sterne-jaeger wrote:Sorry, I have to admit that I ended up with option <strong>3</strong>, i.e. each slew clears the calibration. This is more or less one line of code.
I implemented option 2 - which was quite easy. You can test it here .
Implementing 1 and 2 turned out to be more complicated, since there are several ways in KStars to slew to a new target and not all are handled the same way.
But during my tests it seems that option 3 isn't that bad, since in a typical workflow slew --> align --> guide it does not matter whether you clear only once or additionally during alignment, since no new calibration has taken place.
OK for you or are there situations where this could be disturbing?
Hi Wolgang, everyone
Does this affect those of us who guide only with PHD2 in any way?
Here's hoping negative!
Cheers and clear skies to all.
The intent is that this only comes into play when the box "Always reset guide calibration" is selected. There were cases where this did not happen, although the box was ticked and that would result in the following exposure sequence showing star trails.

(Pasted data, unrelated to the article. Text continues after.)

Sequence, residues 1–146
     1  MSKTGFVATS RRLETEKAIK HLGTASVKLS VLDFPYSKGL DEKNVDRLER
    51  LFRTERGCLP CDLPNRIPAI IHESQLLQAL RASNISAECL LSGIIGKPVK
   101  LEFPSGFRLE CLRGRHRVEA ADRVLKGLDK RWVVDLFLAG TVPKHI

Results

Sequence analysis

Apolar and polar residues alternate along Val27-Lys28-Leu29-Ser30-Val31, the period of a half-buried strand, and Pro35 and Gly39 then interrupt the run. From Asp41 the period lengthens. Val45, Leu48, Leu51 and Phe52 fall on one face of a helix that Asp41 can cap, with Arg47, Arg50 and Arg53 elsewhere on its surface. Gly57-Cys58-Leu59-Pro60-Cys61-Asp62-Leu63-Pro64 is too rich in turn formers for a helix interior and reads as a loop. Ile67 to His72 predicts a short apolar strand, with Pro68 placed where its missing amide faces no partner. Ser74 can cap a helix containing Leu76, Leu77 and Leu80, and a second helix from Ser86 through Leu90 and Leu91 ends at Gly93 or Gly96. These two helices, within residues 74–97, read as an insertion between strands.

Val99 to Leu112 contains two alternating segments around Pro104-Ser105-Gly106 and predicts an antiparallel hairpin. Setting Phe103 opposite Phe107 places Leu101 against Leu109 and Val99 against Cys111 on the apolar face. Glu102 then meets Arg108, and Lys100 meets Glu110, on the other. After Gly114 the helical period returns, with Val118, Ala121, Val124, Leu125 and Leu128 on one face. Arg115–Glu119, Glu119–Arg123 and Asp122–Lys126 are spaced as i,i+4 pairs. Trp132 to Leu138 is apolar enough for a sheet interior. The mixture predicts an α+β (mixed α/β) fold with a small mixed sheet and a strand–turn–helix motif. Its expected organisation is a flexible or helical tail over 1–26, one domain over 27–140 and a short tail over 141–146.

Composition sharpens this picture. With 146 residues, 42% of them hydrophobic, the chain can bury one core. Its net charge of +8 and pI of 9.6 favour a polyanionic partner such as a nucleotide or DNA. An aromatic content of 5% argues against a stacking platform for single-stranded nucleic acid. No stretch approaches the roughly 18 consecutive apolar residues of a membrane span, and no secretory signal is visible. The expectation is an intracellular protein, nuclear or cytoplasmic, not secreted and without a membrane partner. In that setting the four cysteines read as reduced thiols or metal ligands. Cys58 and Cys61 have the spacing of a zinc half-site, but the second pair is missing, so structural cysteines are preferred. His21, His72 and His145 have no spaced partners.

So as long as you do not tick that box, nothing should change for you. If you tick the box, recalibration would occur every time the mount slews.
I also need to come back to Wouter's point, though: Would dithering trigger recalibration then, i.e. is dithering handled by the mount the same way slewing is? Intuitively I would say not, because dithering only involves guide pulses, which happen all the time during guiding anyway, so of that were to trigger recalibration, it would effectively start an endless loop. But I want to make sure that this does not become an unintended consequence.
Thanks so much, Wolfgang, for restoring this option.
Herrhausen wrote: Point taken, Jo! It was just a negligible comment from some guy who does neither use the scheduler nor re-calibrate at all, thus doesn't have a clue!
Out of curiosity... if you scheduled a movement in declination once the meridian has been crossed, let's say by pointing the scope to a nearby star and immediately returning to the object, wouldn't that achieve the same?
Ahhh..., Alfred, thanks for bringing that up!
That is precisely the difference of imaging from the middle of Frankfurt and the middle of Dallas....
...well, not really...
But in good old American, I would say 'that's a klutz!'
Which loosely translated into German means something like '' ' ne Kruecke hoch 3".
Here at Indi, we strive for PERFECTION!
Nothing less will do.
That's why nitpickers like me are tolerated here.
I wonder for how much longer...